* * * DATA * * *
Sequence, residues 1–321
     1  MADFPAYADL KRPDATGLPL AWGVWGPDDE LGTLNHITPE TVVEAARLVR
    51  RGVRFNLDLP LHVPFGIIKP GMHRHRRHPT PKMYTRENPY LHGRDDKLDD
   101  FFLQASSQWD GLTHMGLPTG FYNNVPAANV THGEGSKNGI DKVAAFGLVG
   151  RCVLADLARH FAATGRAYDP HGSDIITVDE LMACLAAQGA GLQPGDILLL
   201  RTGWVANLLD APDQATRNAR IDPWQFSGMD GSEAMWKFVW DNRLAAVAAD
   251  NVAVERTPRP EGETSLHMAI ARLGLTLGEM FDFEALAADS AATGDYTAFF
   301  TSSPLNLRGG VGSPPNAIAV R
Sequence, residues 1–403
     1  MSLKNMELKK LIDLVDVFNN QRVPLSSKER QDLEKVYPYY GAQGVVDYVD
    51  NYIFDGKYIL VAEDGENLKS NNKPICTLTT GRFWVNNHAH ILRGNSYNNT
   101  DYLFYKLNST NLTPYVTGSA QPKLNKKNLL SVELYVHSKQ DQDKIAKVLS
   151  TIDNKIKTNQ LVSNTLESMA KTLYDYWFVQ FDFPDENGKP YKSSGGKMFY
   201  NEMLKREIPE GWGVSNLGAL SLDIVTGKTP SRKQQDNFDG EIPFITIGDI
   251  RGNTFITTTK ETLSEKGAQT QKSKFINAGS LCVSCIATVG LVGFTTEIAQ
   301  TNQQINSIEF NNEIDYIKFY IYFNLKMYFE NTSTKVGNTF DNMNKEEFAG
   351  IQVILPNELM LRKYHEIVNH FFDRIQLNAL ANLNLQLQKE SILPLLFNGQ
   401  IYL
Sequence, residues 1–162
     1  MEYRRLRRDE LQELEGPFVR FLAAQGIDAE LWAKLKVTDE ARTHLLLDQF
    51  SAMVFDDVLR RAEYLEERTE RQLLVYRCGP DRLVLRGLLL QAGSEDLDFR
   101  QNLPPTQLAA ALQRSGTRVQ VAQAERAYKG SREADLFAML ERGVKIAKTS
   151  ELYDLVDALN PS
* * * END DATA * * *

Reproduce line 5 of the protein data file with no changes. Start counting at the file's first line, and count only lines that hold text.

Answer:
   151  RCVLADLARH FAATGRAYDP HGSDIITVDE LMACLAAQGA GLQPGDILLL